A “betrayal” of democracy: Evanstonians react to impeachment

Louise Bond and Avi Shapira

On Sept. 24, Speaker of the House Nancy Pelosi swept every headline in the  nation when she announced the initiation of an impeachment inquiry into President Donald Trump. This historic event has heralded unprecedented developments and, with the evidence growing every day, is fundamentally altering the national conversation. The nation’s future rests on the decisions of the coming days, and the choices made in Washington will have long-reaching impacts—impacts that will be felt in Evanston and beyond.

The main accusation against the president is his potential agreement with Volodymyr Zelensky, the President of Ukraine, to investigate Democratic presidential candidate Joe Biden’s son, Hunter, according to CNBC.

The Constitution defines an impeachable offense by the president to be “treason, bribery, or other high crimes and misdemeanors.” According to Pelosi, Trump has “betray[ed] of his oath of office, betray[ed] our national security and betray[ed] of the integrity of our elections.”

“It’s important to uphold democracy and be really strict on the rules that are out there, especially when it comes to the president,” senior Audrey Kermgard said. “I think that applies on a local level too. You can’t allow people in government to get away with things that are clearly illegal.”

The bulk of the case against Trump comes from a July 25 phone call between him and Zelensky which provides substantial evidence that Trump purposely withheld previously issued defense funds from Ukraine in order to get Zelensky to investigate Hunter Biden for illegal activity. This was allegedly done in an attempt to gain an advantage in the upcoming election, which according to some legal experts, constitutes high crimes and misdemeanors.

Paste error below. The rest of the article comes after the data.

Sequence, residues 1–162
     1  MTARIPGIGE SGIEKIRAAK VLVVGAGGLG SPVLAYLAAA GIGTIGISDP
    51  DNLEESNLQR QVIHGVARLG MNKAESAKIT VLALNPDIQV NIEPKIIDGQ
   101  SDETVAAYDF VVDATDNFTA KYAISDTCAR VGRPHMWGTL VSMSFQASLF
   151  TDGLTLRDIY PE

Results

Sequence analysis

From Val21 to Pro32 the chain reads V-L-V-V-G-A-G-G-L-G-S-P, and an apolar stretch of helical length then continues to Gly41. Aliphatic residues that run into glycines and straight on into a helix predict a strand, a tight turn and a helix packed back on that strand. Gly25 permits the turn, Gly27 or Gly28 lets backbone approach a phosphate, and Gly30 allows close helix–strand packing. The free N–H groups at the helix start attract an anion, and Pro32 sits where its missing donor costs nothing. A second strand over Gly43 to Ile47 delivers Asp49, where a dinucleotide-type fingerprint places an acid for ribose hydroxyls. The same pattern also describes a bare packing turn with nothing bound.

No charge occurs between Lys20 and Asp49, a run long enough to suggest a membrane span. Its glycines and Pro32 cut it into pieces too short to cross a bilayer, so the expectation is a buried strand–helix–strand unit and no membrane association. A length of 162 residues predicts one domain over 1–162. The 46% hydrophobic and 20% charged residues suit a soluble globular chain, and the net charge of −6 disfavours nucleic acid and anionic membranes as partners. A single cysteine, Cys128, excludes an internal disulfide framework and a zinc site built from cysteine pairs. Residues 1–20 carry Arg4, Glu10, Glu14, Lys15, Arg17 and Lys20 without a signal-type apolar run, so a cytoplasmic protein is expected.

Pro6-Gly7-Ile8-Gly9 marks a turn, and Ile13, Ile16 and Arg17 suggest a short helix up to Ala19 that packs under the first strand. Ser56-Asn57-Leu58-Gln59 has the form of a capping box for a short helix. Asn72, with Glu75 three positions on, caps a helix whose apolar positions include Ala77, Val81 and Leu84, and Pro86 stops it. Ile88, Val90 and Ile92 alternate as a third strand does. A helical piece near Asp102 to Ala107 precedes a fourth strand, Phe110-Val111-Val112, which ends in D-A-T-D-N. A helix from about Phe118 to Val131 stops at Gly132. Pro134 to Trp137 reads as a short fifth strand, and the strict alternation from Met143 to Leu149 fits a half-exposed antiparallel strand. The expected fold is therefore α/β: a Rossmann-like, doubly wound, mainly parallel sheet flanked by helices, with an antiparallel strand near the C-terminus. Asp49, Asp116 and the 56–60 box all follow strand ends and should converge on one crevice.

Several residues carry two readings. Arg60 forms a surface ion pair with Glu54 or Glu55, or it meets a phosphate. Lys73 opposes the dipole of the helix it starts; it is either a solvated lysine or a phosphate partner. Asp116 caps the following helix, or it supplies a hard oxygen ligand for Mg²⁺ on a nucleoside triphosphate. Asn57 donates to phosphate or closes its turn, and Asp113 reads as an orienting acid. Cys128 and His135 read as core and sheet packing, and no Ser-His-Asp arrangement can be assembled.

“I think it’s really sketchy for the president to do that, but technically sketchy is not illegal,” sophomore and AP United States Government and Politics student Rachael Mullins said.
However, many Democrats including Pelosi feel that the dangers posed by letting Trump’s actions slide outweigh any potential Constitutional gray area.

“Not to impeach is to abdicate the constitutional responsibility of oversight of the co-equal branch of government, the House of Representatives,” President of the Democratic Party of Evanston Michelle Jordan said. “Not to impeach would be to change forever how elections are handled in this country.”

In order for the president to be impeached, a majority of the House must vote in favor of impeachment. Then, a trial is held in the Senate to review the evidence against the president, and at least 67 of the 100 Senators, or two-thirds, must convict him to remove him from office.

According to The New York Times, it is more likely to achieve the majority vote in the Democratic-controlled House of Representatives than to get the two-thirds vote required to convict him in the Republican-controlled Senate. If Trump is removed from office, Vice President Mike Pence would take his place; in the unlikely event that Pence is implicated in the impeachment trial, Pelosi would be next in line for the presidency.